Telemedicine services has seen a huge boom during the COVID-19 pandemic, as more patients feel comfortable seeking out medical services and seeing their doctors online.
As part of the phasing in of the upcoming Healthcare Services Act, the Ministry of Health (MOH) plans to license telemedicine services in the middle of next year.
Earlier in February, it introduced a voluntary listing of direct telemedicine providers that have agreed to comply by certain measures such as ensuring their doctors or dentists complete MOH’s telemedicine e-learning.
There are now more than 600 telemedicine providers in the list, including public hospitals, clinics and telemedicine firms.
Only those listed are able to offer the Community Health Assistance Scheme (Chas) subsidies and MediSave for video consultations for follow-ups of chronic conditions from April 1.
It initially covered only seven chronic conditions such as diabetes, hypertension and anxiety; but has been expanded in October last year to cover 20 other chronic conditions such as osteoporosis, psoriasis, rheumatoid arthritis and ischaemic heart disease.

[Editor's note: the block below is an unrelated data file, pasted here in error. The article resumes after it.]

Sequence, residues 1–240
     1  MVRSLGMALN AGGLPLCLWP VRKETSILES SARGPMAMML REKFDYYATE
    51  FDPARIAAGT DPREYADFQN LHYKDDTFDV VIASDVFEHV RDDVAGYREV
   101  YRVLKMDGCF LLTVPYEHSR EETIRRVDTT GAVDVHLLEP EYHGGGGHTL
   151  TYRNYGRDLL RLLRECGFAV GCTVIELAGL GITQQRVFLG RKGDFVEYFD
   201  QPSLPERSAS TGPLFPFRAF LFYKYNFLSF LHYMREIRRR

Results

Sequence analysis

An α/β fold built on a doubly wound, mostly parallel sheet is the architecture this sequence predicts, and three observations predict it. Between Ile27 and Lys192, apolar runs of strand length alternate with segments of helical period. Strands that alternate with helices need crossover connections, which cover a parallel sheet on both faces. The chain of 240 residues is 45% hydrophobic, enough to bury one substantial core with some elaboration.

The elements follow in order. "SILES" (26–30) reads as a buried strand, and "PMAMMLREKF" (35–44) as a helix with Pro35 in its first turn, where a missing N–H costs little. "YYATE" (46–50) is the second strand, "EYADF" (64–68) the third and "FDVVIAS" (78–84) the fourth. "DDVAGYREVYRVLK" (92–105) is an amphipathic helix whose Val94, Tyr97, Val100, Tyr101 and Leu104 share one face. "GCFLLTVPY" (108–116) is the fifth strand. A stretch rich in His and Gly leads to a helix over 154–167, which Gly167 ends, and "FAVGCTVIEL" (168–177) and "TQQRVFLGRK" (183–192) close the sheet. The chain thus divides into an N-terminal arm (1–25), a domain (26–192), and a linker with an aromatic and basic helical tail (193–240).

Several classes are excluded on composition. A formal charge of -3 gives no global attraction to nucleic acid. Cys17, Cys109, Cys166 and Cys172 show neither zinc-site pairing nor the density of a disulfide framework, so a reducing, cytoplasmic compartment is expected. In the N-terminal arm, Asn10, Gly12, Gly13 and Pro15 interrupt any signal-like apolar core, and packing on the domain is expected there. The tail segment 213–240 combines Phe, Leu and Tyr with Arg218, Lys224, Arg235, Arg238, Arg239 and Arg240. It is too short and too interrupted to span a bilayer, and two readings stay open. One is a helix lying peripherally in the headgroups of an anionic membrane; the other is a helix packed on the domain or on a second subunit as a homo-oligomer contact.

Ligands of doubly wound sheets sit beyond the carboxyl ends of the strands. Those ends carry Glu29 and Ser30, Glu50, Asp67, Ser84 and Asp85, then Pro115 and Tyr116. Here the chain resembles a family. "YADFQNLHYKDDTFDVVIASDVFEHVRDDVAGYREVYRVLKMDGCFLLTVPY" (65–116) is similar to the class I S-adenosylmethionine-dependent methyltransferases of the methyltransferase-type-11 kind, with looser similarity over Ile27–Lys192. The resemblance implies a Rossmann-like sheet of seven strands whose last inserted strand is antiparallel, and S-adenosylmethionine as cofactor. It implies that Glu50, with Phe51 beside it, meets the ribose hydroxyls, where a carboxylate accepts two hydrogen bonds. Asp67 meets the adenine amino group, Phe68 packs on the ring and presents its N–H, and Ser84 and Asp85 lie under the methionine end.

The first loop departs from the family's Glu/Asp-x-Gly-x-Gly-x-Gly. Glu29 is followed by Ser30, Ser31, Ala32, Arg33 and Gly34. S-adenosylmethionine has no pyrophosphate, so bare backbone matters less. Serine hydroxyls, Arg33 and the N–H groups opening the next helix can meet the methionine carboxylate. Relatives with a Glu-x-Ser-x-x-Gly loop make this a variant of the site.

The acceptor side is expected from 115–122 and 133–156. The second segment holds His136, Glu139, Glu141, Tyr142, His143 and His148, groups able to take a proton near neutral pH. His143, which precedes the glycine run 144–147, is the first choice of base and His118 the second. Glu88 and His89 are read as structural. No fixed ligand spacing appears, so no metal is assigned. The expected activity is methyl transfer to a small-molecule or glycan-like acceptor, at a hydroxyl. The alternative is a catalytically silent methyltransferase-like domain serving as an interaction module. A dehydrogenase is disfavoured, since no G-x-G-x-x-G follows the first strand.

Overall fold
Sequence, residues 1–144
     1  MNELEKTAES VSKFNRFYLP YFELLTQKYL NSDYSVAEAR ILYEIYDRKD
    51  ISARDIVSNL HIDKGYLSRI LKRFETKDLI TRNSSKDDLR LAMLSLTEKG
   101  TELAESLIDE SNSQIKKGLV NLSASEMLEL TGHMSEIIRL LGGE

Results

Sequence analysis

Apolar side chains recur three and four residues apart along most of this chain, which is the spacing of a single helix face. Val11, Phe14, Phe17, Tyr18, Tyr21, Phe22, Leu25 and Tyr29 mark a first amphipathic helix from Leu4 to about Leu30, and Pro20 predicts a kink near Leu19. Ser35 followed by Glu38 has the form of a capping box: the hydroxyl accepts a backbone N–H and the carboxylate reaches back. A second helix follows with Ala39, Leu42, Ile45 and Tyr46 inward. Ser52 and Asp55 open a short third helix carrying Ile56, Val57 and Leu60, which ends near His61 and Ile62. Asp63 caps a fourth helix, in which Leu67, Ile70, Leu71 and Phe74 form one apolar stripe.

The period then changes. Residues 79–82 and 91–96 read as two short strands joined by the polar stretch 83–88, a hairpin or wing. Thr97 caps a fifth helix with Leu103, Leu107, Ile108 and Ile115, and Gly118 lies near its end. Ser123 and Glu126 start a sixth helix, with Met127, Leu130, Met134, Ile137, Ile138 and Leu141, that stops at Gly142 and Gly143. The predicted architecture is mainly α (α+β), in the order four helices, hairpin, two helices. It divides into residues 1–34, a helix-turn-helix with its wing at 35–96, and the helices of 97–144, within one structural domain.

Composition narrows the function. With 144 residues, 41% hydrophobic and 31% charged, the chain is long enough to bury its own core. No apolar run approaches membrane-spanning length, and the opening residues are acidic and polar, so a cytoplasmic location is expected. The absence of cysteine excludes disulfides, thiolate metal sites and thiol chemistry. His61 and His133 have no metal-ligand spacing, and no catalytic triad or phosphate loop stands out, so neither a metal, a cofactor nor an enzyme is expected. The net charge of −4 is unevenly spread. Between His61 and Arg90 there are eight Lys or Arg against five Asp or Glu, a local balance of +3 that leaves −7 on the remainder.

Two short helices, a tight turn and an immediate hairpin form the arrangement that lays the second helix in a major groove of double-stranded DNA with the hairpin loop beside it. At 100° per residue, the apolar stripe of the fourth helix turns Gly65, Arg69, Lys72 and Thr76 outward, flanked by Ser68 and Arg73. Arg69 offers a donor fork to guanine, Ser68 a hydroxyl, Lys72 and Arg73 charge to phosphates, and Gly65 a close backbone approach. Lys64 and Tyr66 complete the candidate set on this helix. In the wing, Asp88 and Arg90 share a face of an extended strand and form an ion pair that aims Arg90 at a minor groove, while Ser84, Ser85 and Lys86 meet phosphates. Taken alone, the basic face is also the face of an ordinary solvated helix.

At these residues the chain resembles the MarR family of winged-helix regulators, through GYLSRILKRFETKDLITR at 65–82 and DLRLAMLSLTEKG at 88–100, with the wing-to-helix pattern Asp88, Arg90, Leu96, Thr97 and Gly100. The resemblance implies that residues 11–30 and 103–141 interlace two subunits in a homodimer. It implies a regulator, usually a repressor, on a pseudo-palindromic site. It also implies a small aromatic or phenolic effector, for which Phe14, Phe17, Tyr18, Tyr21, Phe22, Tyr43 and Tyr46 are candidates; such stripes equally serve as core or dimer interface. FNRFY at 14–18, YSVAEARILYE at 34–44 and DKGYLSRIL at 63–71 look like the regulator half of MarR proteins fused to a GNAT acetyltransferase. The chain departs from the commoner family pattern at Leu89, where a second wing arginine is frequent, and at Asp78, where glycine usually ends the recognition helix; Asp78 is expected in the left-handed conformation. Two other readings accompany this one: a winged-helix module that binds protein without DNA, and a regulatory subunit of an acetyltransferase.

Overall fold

The Healthcare Services Bill was approved by Parliament in early January 2020. It replaces the Private Hospitals and Medical Clinics Act, which was enacted in 1980 and last amended in 1999.
At that time, the new law was slated to be implemented in three phases from early 2021 to the end of 2022. The new timeline is now from September 2021 to March 2023.
Featured Image Credit: After Clinic Hours
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